I find it hard to know when and how to share bad news - especially while in the midst of grief. At moments I feel like shouting to the rooftops, just hoping to hear an echo back from my own anger and disappointment. Sometimes I crave empathy or even just acknowledgement. I want someone to commiserate with, to hear my story, to tell me that my pain is real and valid.
Other times I just want to crawl under my blankets and never come out. I dread seeing other people, having to make small talk, or to hide my pain with a mask of normalcy. What's even more frightening is that mask slipping. I mean, nobody likes crying in public, do they?
My current situation is even more awkward from a social standpoint. On one hand, I have a tragedy to report, and on the other a pregnancy to announce. I don't envy the recipients of this news. I have no idea what I would say to someone else in my position.
In fact, the memory of failing other friends during their own losses is something that haunts me pretty often. I had a friend lose a twin once. Did I say the right thing? Did I understand what she was going through? Did I treat her with the compassion that she deserved in that moment? I really don't think so. How can anybody understand what losing a baby feels like until they have experienced it themselves, much less losing a twin during a pregnancy that you had already gone through so much to get to.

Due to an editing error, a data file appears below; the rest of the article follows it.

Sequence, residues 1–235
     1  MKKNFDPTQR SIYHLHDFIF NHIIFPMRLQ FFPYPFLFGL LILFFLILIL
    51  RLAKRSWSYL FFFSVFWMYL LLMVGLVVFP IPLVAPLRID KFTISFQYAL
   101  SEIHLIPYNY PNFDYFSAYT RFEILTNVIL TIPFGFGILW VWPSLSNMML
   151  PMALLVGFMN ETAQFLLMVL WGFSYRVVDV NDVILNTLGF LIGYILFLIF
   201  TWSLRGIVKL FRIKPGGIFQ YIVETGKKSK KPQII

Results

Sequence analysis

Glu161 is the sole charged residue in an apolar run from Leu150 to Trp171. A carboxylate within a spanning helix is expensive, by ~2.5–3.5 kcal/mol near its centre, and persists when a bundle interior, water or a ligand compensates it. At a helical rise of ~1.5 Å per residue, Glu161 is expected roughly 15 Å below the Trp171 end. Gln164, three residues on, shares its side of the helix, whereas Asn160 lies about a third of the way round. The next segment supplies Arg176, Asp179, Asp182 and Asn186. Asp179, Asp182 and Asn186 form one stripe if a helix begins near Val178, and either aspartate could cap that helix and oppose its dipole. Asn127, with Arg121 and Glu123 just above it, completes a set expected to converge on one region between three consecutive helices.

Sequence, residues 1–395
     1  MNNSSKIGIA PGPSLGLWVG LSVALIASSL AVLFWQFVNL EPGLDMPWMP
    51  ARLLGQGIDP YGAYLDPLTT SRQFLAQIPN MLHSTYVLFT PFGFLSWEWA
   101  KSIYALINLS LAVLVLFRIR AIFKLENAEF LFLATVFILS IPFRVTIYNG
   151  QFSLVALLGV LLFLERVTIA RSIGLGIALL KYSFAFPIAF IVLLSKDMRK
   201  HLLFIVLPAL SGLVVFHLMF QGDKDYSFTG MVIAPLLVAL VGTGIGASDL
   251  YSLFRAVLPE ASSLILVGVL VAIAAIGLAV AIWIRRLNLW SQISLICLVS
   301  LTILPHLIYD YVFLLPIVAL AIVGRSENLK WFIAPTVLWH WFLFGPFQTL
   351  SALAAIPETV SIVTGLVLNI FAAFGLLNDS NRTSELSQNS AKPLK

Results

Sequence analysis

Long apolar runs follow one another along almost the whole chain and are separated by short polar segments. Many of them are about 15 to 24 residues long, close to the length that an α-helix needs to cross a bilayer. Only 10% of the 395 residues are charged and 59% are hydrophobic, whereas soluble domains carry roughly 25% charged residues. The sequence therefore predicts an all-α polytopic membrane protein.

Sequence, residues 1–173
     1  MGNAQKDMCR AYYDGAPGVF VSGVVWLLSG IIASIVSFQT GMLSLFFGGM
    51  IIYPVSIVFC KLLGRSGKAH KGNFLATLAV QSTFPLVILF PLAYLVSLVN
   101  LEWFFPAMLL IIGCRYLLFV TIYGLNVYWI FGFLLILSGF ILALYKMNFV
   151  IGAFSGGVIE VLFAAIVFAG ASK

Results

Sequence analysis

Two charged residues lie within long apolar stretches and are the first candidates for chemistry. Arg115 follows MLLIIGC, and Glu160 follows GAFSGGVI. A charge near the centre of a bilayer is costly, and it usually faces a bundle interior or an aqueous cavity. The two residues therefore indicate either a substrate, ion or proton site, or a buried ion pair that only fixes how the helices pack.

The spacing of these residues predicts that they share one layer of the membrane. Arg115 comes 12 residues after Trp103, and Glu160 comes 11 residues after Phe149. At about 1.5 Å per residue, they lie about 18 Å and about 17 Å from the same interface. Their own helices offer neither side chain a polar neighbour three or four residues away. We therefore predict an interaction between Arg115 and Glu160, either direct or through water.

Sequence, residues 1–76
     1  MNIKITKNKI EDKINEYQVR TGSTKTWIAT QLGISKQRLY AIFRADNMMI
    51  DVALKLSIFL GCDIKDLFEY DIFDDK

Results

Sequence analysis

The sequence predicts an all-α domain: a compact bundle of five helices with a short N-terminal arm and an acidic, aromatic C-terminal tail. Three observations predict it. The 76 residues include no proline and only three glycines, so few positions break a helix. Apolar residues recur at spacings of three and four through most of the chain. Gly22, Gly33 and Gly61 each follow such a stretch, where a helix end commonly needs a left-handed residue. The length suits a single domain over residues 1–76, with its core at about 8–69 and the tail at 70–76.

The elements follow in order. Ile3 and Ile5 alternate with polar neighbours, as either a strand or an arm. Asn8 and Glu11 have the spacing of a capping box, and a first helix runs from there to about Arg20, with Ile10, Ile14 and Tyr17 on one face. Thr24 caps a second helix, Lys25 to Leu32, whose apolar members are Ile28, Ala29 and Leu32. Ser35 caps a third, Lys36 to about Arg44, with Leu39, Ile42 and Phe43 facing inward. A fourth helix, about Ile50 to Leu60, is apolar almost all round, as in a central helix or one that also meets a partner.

The fact that so very few people can understand how I feel right now almost makes sharing the news feel pointless. It's like I'm asking my friends and family for something that they just can not give - empathy and understanding for a situation that I hope none of them ever ever have to deal with. And asking for hopes and prayers and good juju doesn't appeal much to me either. If prayers made babies I feel like I'd have a house-full by now.
But then today a friend from CC's school offered to watch him for me this afternoon, and that little gesture actually did make me feel acknowledged, and cared for, and supported after all. Even coming from a woman with three beautiful healthy kids. I found myself admitting to her that I hadn't showered in a week, or eaten anything but potato chips for the past two days. I found myself crying when she gave me a hug, and feeling thankful for such kindness from someone who I have only known for a little while.
When I went home after dropping him off I felt obligated to make use of that time. I took a shower. I ate a hot meal. I took some time to think and to write and to cry a little. The time was a gift - and I felt like I shouldn't waste it. It's funny how an imagined obligation can motivate me more than my own actual needs. That's depression for you, right?
My friend's gesture ended up making me think that maybe I should share this news after all. Just because I've lost faith in prayers and happy thoughts it doesn't mean that I need to lose faith in the kindness of the people I love. I'll be sharing the news on Facebook today or tomorrow. I'm not sure what I expect, but at least I know I won't be alone in my grief and in my hope. It's kind of a shitty gift for me to give right before Christmas, but what can you do?
Big hugs to the folks reading. I'm thankful to have had you to talk to along the way.